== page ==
from the system. Eventually, the oxygen concentration dropped from the normal 21% to a dangerous 14%, and the total volume of the atmosphere decreased. (Huge, flexible "lungs" connected to the system gradually collapsed to maintain atmospheric pressure within.) It was suspected that the oxygen was being lost to respiration, but mysteriously, the increase in CO2 from 330 ppmv to 4000 ppmv could not account for this. The high CO2 levels lowered the pH of the crew's blood, which decreased the ability of their blood hemoglobin to carry oxygen. This, combined with the low oxygen level, led to complaints of fatigue among the crew. Ultimately, it was determined that the soil that Biosphere II was started with contained soil organic matter that was degrading, consuming oxygen and producing CO2. The CO2 then reacted with lime [Ca(OH)2] in the concrete structure, producing calcium carbonate. Oxygen had to be brought into the facility, breaking the goal of achieving a closed ecological system. (Note: Biosphere II is now run as an educational and research facility, http://www.bio2.edu.)
Despite its low concentration, atmospheric CO2 is a significant compartment. Its turnover time in Earth's atmosphere is about three years. Atmospheric CO2 is an important "greenhouse gas" that affects the temperature of the Earth. In preindustrial times its concentration was about 280 ppmv (parts per million by volume). However, it is now about 350 ppmv and increasing by 1.5 ppmv per year. This level is already higher than levels going back 160,000 years, based on measurements in bubbles trapped in Antarctic ice core samples. Over that period, Earth's temperature correlated with atmospheric CO2 concentration. At the current rate of increase, it will be double the preindustrial level in several decades.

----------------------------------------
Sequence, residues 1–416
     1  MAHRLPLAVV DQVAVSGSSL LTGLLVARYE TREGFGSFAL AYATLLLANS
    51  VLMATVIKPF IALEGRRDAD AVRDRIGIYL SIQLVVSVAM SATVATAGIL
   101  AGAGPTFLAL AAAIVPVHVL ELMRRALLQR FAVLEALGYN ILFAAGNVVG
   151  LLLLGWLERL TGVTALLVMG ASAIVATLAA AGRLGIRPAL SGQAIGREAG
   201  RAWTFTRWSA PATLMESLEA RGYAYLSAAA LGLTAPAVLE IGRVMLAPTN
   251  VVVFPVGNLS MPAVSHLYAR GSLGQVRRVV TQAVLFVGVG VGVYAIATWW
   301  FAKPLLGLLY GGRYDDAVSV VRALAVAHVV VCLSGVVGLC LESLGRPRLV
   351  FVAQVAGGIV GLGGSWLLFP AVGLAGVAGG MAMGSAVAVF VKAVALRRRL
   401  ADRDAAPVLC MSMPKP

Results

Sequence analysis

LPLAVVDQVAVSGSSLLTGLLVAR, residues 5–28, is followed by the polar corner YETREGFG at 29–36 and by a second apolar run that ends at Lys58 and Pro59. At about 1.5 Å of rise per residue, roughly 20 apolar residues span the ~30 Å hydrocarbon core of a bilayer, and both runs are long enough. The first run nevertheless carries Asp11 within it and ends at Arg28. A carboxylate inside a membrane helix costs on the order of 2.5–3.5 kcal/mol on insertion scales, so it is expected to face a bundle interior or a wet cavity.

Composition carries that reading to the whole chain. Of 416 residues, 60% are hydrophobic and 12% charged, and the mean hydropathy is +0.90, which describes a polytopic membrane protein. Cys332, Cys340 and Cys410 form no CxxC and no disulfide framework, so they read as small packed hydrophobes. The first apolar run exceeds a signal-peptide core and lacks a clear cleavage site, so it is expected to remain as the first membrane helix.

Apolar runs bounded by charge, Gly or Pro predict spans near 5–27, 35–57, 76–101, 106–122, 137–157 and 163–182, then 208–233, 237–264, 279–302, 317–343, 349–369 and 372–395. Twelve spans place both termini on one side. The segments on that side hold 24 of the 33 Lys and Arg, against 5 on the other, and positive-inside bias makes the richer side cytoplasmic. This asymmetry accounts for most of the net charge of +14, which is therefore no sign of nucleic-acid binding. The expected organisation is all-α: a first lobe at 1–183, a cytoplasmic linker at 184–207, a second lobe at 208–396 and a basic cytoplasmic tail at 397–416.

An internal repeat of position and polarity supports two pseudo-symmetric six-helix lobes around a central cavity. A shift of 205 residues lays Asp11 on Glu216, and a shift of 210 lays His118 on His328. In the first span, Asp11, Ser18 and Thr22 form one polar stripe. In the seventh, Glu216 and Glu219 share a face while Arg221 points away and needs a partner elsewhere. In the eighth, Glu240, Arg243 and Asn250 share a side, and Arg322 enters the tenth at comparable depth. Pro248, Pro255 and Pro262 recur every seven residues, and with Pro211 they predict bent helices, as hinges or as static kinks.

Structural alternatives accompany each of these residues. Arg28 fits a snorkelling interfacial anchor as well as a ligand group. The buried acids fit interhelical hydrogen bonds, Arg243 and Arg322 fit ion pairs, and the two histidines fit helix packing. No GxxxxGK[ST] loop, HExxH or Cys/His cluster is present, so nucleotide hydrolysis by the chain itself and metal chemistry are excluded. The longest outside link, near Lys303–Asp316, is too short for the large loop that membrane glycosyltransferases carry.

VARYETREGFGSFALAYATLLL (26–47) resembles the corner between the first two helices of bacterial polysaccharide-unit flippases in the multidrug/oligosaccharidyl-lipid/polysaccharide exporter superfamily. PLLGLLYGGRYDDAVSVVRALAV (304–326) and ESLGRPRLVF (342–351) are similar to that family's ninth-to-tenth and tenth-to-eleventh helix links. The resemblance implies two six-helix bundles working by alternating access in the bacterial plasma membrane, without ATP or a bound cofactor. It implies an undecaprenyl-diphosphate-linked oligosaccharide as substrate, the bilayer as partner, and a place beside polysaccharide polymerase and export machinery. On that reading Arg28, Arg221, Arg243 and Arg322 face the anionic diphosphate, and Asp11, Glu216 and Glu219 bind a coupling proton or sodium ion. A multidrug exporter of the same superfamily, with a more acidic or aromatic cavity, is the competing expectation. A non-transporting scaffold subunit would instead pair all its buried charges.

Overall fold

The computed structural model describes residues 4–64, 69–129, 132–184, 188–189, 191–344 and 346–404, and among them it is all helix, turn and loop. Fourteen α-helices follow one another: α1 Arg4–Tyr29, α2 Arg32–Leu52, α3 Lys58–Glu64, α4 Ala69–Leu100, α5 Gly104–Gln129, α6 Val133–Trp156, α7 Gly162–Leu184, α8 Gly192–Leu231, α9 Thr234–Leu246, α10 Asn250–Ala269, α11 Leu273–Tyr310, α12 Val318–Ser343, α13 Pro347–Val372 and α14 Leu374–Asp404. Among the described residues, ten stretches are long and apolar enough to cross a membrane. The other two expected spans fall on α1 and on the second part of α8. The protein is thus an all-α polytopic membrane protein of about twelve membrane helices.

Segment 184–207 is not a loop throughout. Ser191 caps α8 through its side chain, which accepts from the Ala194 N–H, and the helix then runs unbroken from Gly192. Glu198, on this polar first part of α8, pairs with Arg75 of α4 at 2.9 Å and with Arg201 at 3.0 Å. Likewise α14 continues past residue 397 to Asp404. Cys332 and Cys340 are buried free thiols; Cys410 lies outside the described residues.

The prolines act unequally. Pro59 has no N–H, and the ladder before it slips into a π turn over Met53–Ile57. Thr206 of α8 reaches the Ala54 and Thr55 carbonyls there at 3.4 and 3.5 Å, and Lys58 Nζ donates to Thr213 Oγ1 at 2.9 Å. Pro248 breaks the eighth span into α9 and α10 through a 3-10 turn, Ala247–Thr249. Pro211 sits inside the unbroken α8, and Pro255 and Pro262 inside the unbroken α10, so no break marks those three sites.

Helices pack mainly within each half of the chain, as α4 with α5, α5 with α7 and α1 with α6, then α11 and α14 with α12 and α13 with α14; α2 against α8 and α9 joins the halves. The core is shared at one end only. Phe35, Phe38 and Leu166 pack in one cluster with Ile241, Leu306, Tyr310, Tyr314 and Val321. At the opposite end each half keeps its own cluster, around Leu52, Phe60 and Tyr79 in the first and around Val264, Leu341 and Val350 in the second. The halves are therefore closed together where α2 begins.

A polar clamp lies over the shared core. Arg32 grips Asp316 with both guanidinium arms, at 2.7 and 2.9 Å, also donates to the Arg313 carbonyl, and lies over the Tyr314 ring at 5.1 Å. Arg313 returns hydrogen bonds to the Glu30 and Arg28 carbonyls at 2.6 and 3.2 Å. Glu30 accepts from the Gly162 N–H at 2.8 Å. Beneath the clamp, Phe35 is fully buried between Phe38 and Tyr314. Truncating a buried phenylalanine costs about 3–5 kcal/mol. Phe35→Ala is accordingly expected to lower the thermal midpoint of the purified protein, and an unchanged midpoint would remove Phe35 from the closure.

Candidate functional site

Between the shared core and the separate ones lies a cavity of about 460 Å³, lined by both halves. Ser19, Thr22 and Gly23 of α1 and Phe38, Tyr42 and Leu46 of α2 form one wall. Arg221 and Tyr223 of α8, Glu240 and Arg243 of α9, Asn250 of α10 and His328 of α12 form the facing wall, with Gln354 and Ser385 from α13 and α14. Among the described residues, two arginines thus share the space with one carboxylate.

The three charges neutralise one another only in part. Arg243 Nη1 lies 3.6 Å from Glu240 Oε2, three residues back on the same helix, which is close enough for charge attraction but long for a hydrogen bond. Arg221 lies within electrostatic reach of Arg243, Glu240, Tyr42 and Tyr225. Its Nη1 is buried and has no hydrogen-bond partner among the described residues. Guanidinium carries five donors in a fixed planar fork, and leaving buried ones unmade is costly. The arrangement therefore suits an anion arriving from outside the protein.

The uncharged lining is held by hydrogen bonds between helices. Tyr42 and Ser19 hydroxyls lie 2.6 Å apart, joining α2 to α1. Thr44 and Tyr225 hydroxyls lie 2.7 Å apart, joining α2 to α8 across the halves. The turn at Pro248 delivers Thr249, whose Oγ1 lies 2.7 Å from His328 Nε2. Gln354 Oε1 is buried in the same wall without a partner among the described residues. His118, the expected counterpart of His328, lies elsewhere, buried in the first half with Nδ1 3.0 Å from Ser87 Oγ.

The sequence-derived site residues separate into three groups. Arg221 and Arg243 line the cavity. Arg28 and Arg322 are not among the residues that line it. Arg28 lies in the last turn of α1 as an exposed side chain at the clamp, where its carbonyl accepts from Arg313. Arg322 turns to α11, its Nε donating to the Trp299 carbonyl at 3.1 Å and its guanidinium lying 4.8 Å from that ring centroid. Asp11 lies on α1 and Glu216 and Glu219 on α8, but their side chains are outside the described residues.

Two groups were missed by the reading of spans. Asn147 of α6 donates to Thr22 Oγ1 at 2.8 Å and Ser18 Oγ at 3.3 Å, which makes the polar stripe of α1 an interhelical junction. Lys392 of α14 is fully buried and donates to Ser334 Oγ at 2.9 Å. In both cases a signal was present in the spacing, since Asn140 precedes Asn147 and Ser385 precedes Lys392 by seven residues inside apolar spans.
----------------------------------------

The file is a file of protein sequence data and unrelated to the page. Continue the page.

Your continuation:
It is well established that such an increase will trap an additional 4.35 watts (W) per square meter at Earth's surface, compared to the 235 W/m2 normally absorbed by the surface. What is not so well settled is how much this extra heat energy will increase the temperature at the surface, called the global warming or greenhouse effect. A variety of mathematical climate models have been developed which predict an increase of from 1.5°C to 4.5°C, with a most likely value of 2.5°C. Besides potentially affecting temperature, climate, and sea level, the change in CO2 could directly affect living things by fertilizing plant growth (Section 15.6). Potential ecological effects of global warming are described in Section 15.6.
Figure 14.5 shows primary productivity to be in equilibrium with plant and soil respiration. Fossil-fuel combustion contributes an extra 5.3 x 1015 g C/yr. In addition, about 1.0 x 1015 g C/yr comes from deforestation. However, only about 2.9 x 1015 g C/yr actually accumulates in the atmosphere. It is thought that the oceans absorb about 2.2 x 1015 g C/yr of the industrial contribution, about 42%. This leaves 1.2 x 1015 g C/yr unaccounted for, called "unknown sinks.'' It must be emphasized that global fluxes are difficult to measure. There is uncertainty whether terrestrial plants are increasing their removal of CO2 from the atmosphere as its concentration increases, or whether such an effect is counterbalanced by human deforestation.
Atmospheric carbon is also present as carbon monoxide and methane. The turnover times for these are 0.1 and 3.6 years, respectively, compared to 4 years for CO2. Methane is also a greenhouse gas. Although less important than CO2, it is increasing faster, having already increased from about 700 ppbv (parts per billion by volume) in preindustrial levels to 1714 ppbv in 1992. Methane has many biogenic sources, including anaerobic degradation in wetland sediments and bacteria living symbiotically in the gut of termites. Anthropogenic sources contribute two-and-one-third times the natural sources. About half the anthropogenic sources are associated with food production, including rice paddies, biomass burning, and from livestock which belch gases formed by anaerobic bacteria in their gut. About one-fourth the anthropogenic source is from fossil-fuel use.